Runny Nose: Nuisance Or Something More Serious?

With the rise in cases of both equine herpes virus and strangles in horses in the United States, horse owners and caretakers have every right to be on high alert to any changes in a horse’s health or demeanor. Though some symptoms are always a red flag — like a horse who’s unsteady on his feet — some symptoms can be caused by something far less sinister than an equine illness. 

A horse with a runny nose is always something to note, but a bit more work may be required to determine its cause. 

Look closely at discharge color, odor, quantity and consistency, as well as if there is anything in the discharge like dirt, debris or feed. Notice if the discharge is coming from one nostril or two, as well as the horse’s demeanor. A check of his vital signs is in order.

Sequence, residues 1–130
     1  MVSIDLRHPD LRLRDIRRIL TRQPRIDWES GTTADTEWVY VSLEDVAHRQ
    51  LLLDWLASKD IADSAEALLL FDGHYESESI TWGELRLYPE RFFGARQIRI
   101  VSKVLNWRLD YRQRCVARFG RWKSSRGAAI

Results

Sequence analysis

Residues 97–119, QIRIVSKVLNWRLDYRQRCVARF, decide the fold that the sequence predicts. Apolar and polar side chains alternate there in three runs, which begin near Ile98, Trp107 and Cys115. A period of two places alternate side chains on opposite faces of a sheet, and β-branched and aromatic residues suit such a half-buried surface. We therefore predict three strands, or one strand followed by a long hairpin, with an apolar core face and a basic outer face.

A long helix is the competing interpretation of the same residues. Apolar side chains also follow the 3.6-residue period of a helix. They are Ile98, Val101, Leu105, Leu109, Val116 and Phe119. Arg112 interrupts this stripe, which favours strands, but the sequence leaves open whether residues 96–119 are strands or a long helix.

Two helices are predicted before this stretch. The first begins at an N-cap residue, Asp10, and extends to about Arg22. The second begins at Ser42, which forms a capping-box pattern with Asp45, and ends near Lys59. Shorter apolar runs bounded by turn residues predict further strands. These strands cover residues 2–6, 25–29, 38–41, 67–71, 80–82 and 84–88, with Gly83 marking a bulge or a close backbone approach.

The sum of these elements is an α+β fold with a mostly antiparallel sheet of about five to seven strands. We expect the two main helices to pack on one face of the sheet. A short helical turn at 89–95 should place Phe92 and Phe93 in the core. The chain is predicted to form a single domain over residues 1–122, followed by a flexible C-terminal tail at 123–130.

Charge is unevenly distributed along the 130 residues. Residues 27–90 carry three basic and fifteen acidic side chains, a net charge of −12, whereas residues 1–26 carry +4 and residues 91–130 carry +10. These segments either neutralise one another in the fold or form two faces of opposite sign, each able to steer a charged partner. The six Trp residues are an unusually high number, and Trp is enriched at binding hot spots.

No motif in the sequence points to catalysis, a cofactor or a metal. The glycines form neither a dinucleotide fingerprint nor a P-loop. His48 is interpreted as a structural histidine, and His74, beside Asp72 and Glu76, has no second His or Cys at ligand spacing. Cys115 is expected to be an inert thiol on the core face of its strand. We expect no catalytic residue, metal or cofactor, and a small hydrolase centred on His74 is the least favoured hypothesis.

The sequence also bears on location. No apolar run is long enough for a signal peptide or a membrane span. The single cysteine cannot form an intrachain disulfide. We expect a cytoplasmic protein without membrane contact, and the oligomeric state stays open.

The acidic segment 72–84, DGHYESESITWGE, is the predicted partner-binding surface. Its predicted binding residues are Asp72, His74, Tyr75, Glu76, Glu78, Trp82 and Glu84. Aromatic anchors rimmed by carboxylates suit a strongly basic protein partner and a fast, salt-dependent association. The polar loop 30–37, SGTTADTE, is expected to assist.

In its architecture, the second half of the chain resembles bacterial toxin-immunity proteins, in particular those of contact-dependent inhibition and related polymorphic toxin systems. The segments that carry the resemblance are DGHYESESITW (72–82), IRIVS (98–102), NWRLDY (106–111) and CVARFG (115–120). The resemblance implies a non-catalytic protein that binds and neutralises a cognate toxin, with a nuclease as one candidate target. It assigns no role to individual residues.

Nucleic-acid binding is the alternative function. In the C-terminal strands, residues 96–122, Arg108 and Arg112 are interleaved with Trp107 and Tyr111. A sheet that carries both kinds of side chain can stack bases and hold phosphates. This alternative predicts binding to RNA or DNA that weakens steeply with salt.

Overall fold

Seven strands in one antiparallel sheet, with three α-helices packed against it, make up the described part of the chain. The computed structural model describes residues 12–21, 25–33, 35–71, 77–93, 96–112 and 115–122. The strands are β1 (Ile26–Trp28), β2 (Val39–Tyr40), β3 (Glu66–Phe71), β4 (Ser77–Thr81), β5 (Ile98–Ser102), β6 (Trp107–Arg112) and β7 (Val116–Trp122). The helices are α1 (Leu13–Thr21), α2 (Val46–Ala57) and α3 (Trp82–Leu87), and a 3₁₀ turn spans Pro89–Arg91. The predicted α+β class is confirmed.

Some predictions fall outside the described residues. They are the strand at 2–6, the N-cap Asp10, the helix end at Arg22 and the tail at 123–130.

If the horse’s nasal discharge is clear and thin, and he’s bright and acting normally, he most likely inhaled some dust or hay and has irritated his nasal passages, but is otherwise fine. A small trickle of bright red blood that stops bleeding in minutes is also most likely nothing to be concerned about—the horse probably got poked with a piece of stemmy hay. 

The following require a call to the vet as they may indicate serious issues: 

  • Discharge that includes saliva or chewed food, which could mean the horse is choking. 
  • Bright red blood that is flowing freely for more than 30 minutes may be a sign of nasal passage injury.
  • Blood that is dark and draining could indicate that the horse has blood accumulating in his sinuses or respiratory tract. 
  • Thick, yellow mucus can be a sign of a viral or bacterial infection, or strangles. 
  • Discharge that smells, which may be indicative of an infection. 

If the discharge indicates the horse may have an infection or contagious disease, keep him away from other horses and tell the vet what he or she may be dealing with before they arrive so they can adequately prepare. Don’t handle any other horses before the vet arrives; if there’s no other option, be sure to wash and sanitize hands and change clothes whenever possible. 

Read more at EQUUS

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